Yesterday TOP hosted former candidate for WTO Director General, Alan Kyerematen at a joint event held with the Overseas Development Institute and chaired by Lord Harrison, the Inter-Parliamentary Union’s UK representative to the WTO. We were also joined by Dirk Willem te Velde, Head of the International Economic Development Programme at ODI.
Alan Kyerematen is the former Trade Minister of Ghana, and one of the leading political figures of his country. He is also a former ambassador to the US, one of the lead negotiators for Africa at the WTO Ministerial Conference in Cancun (2003) and the initiator of the UNCTAD World Investment Forum. Mr Kyerematen’s candidacy received the backing of the African Union, and he continues in his role as Coordinator of the African Trade Policy Centre at the Economic Commission for Africa.
Mr Kyerematen began by emphasising his support for the WTO as an institution saying, “the WTO is still a global asset that encourages growth. It is the only firewall we have against protectionism”. However, for its credibility to be boosted a new trade consensus is necessary. He offered 3 goals to achieve this new consensus:
– A harvest of some parts of the Doha Round at Bali to restore confidence
– A new roadmap for completing the rest of Doha
– A new agenda to be set out that will address specific problems
The 5 strategic drivers required to achieve a reinvigorated WTO suggested by Mr Kyerematen are:
– Renewed political commitment from all members
– The WTO is for all and the diversity of its membership must be reflected in its workings
– The WTO should move closer to non-state actors (business, NGOs, parliamentarians) – Geneva is too remote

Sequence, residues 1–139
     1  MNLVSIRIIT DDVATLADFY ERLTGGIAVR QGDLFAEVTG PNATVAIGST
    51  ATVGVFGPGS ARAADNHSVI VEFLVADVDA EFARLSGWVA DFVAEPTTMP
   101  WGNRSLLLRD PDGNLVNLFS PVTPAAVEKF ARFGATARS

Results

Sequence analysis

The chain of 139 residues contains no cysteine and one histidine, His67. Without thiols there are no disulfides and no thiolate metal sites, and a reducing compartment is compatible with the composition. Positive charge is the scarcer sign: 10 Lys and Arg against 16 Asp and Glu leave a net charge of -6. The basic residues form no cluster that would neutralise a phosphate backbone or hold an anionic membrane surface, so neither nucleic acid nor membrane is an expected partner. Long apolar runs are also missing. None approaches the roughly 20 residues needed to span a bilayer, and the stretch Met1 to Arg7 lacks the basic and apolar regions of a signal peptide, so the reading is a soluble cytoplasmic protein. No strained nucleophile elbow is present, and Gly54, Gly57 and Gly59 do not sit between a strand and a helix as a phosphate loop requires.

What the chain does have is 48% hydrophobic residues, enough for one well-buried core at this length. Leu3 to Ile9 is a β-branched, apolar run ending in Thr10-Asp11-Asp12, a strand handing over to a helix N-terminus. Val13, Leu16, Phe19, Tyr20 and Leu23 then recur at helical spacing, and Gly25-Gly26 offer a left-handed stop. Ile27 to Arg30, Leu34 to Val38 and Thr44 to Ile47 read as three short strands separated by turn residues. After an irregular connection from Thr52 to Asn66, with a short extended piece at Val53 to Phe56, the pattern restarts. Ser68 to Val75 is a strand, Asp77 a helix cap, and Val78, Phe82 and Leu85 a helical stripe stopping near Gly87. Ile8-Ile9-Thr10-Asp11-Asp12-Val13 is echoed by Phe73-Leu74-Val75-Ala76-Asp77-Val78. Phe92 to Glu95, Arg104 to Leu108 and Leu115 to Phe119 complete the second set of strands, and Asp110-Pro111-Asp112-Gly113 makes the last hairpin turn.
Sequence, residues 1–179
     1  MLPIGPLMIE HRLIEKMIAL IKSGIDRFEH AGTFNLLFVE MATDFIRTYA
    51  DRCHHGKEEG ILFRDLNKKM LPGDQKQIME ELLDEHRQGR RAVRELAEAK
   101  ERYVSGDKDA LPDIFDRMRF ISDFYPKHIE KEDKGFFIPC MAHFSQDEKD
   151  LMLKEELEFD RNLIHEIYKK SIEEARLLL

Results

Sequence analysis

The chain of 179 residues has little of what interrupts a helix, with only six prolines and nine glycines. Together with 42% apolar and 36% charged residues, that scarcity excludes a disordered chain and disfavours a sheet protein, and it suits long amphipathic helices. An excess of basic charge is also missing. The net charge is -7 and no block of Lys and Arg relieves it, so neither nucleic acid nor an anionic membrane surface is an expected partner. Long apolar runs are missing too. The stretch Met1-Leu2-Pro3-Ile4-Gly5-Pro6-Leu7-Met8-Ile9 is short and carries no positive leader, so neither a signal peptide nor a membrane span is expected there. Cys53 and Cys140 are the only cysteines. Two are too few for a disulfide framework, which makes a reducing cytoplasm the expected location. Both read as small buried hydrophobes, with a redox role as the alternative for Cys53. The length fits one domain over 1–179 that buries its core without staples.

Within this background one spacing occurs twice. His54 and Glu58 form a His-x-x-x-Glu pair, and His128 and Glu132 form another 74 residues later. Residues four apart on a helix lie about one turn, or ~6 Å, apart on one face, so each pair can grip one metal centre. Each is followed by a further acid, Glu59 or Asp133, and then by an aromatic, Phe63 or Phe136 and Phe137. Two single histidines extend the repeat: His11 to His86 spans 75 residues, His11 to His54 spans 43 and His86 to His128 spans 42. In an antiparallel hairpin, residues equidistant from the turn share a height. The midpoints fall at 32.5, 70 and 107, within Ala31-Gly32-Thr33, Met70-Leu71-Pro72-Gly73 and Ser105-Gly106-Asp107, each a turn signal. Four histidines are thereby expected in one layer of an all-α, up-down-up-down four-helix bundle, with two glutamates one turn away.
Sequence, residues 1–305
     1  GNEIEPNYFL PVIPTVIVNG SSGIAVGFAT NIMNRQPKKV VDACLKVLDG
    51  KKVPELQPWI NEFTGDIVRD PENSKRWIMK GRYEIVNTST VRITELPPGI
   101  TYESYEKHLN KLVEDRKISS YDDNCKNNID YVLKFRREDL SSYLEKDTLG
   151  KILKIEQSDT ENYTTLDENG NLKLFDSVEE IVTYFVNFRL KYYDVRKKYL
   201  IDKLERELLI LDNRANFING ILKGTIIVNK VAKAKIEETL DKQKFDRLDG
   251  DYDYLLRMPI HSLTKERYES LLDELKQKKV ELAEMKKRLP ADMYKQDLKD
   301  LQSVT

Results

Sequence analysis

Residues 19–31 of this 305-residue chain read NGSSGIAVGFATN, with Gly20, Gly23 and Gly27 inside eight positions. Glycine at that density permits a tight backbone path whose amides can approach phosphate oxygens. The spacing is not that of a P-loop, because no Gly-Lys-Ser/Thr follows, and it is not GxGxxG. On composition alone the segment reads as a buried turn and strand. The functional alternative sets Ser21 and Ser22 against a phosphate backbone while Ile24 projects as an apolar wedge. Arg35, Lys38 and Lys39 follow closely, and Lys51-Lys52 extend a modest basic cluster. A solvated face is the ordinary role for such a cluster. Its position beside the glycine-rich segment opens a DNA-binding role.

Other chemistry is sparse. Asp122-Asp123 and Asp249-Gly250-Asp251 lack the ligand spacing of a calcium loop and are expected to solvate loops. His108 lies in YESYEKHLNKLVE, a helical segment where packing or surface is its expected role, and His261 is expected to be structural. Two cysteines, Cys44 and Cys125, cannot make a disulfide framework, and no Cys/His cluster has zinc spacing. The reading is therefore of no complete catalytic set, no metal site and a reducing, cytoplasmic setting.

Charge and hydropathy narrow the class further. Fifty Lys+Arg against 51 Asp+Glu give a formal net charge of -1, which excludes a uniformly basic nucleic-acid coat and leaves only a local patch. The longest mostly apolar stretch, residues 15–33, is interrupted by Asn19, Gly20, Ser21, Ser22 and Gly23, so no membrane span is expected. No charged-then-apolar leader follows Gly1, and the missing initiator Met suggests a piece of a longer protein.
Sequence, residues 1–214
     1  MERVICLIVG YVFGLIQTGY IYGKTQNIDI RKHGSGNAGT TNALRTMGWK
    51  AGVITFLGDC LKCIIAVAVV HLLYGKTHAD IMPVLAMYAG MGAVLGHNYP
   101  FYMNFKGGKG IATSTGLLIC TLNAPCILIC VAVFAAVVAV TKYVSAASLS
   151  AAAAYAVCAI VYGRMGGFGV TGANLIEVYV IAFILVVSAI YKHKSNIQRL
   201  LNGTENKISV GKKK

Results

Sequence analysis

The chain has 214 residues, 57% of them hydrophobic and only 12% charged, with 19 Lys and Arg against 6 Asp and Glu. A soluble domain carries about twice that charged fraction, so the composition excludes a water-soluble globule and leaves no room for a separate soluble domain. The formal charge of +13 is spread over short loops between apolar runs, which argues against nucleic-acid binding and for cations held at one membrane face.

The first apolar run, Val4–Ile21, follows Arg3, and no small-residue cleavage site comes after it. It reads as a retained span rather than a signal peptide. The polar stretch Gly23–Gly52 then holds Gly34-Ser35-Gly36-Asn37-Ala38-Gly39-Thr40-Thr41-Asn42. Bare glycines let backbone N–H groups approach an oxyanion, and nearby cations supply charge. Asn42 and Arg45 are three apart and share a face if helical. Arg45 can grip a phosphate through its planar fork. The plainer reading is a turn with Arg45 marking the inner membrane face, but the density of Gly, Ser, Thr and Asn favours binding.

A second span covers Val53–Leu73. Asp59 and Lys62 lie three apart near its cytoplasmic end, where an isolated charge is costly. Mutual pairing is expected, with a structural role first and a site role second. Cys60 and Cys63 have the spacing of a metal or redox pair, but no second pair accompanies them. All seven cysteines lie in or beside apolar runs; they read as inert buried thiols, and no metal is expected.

– We need to look at development differently, developing countries must use the preference system as a shifting tool – preferences are not an end in themselves
– There must be a healthy balance between regional and multilateral negotiations
In terms of the Bali Ministerial in December, Mr Kyerematen emphasised that while Trade Facilitation is important, the needs of LDCs must not be forgotten – duty-free, quota-free access for LDCs was essentially agreed in Hong Kong in 2006 and it must remain a key part of any package agreed in Bali.
That a development package must remain central to the WTO Ministerial agenda was echoed by Dirk Willem te Velde from ODI. Mr te Velde said that, despite its currently shaky credibility, the WTO remains in many ways a model institution which inclusive membership policies and a 1 member, 1 vote system. He argued that the WTO should take a more specific problem-solving approach, measuring the economic and social benefits of resolving each issue.
Mr te Velde argued that the WTO should have a more official and vocal role in keeping trade issues on the domestic agendas of its members. The WTO could act as a watchdog to help countries keep their promises. For instance the EU promised at the Hong Kong Ministerial in 2006 to eliminate export subsidies by 2013, but now the deadline has been missed there is no formal role for the WTO to put pressure on them to keep their word.
As well as removing damaging agricultural subsidies, opening up trading opportunities for LDCs is vital for increasing food security. Trade is an aid to natural resource scarcity and must be recognised as such.
Mr Kyerematen ended by saying it must be recognised that countries should not be expected to give up their specific priorities in order to support an easier agreement such as trade facilitation unless there is a commitment to return to keep other issues on the agenda: “The WTO has a limited understanding of what constitutes the ‘collective interest’”.
To reinvigorate the WTO and the negotiations that could give much needed opportunities to the world’s poorest to trade their way out of poverty requires:
– Constructive engagement
– Incremental consensus building
– WTO belongs to everybody and its negotiations must reflect that